Transportation-related incidents were the leading cause of workplace fatalities in 2015—and by a long way—according to data just-released by the Bureau of Labor Statistics (BLS).
Of the total 4,836 workplace fatalities recorded in 2015, transportation-related incidents accounted for 2,054, or 42 percent.
The next closest major cause of workplace fatalities was falls, slips, and trips at 800, or 17 percent.
A key takeaway from the BLS figures: some 745 drivers of heavy and tractor-trailer trucks died because of injuries at work last year, more than any other major civilian occupation. The majority of these fatalities (84 percent) were caused by transportation incidents.
What are some of the factors in large truck crashes?
Truck braking capability for one. The Insurance Institute for Highway Safety (IIHS) reports that loaded tractor-trailers take 20-40 percent farther than cars to stop, and the discrepancy is greater on wet and slippery roads or with poorly maintained brakes.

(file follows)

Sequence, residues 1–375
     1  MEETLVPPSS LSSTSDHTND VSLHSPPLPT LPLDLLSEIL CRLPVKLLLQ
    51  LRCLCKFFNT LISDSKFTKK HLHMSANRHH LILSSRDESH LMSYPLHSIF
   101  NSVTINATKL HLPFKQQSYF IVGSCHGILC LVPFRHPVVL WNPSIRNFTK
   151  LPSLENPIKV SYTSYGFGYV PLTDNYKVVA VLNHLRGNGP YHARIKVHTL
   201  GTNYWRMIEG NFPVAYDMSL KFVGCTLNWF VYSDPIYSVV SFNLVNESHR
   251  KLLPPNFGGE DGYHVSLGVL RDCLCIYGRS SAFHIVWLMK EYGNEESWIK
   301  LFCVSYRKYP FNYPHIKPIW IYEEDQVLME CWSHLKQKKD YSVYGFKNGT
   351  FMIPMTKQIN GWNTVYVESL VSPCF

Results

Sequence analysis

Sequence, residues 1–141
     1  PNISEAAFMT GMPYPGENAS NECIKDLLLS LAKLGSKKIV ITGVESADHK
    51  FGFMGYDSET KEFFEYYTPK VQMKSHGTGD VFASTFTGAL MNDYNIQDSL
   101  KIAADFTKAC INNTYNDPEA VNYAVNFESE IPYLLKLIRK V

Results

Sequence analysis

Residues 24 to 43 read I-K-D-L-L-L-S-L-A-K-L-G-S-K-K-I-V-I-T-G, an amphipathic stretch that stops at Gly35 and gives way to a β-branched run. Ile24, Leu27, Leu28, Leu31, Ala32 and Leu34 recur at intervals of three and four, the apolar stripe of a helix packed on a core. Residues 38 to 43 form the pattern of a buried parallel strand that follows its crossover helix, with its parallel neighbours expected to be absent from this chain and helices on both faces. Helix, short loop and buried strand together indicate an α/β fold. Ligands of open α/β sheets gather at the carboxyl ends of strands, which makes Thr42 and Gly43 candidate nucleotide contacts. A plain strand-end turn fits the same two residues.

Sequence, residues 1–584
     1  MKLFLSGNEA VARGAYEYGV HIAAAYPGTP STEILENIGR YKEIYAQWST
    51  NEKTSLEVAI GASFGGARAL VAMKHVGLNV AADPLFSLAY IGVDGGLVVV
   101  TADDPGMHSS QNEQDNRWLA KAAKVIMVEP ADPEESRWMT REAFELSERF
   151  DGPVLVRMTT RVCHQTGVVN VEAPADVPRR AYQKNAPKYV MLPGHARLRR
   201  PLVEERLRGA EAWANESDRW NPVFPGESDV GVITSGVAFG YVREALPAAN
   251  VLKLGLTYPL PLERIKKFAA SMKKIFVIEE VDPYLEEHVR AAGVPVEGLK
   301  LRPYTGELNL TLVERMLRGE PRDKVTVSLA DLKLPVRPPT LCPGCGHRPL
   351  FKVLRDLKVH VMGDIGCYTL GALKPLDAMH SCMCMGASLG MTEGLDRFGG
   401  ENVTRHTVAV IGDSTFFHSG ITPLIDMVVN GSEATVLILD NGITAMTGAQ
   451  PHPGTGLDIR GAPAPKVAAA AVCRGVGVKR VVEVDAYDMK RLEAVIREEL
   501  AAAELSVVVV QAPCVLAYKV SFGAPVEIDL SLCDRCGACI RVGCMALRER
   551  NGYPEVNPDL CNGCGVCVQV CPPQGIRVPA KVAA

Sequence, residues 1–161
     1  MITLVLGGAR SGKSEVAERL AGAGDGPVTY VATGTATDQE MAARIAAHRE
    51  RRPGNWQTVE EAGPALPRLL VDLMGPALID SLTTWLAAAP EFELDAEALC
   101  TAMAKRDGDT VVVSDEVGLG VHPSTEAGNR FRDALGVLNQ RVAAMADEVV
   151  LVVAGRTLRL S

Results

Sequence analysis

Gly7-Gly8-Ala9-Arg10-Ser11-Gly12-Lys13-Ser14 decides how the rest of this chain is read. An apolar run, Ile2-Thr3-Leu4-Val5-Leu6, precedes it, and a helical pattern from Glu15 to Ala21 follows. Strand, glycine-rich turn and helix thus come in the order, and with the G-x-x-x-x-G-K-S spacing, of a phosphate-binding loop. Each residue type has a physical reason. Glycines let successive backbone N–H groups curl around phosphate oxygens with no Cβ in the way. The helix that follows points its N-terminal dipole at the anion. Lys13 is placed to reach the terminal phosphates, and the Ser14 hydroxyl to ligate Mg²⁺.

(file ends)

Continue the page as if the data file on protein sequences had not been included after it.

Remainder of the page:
Truck driver fatigue is another known crash risk. Federal regulations allow drivers of large trucks to drive up to 11 hours at a stretch, and up to 77 hours over a seven-day period.
Still surveys suggest many drivers violate the regulations and work longer hours than permitted.
Distracted driving is another key factor impacting the number of accidents.
As for insurers, a recent report by ratings agency A.M. Best noted that commercial auto insurance results continue to underperform the results of the overall property/casualty commercial lines market, due to escalating claim frequency and severity.
With more vehicles on the road, cumulative miles driven increasing, and gas prices at reduced levels, making a profit writing commercial auto insurance is a challenge few insurers have been able to meet, A.M. Best said.
It pointed to the considerable perils associated with larger vehicles, including trucks and buses, noting:
“The increased number of miles traveled over the last three or four years also factors into the rise in the fatalities associated with accidents involving larger vehicles that often produce losses exceeding $100,000 in total claim cost.”
Despite the myriad challenges, leading writers of commercial auto insurance have a track record of profitable operations, according to A.M. Best.
Still, more effective risk management and underwriting techniques focused on both covered drivers and vehicles are needed, the ratings agency said.
The Compliance, Safety, and Accountability (CSA) program implemented in 2010 by the Federal Motor Carrier Safety Administration, together with state partners and the trucking industry expanded safety reporting and enforcement measures for large trucks and buses.
Check out the Insurance Information Institute facts and statistics on workplace safety.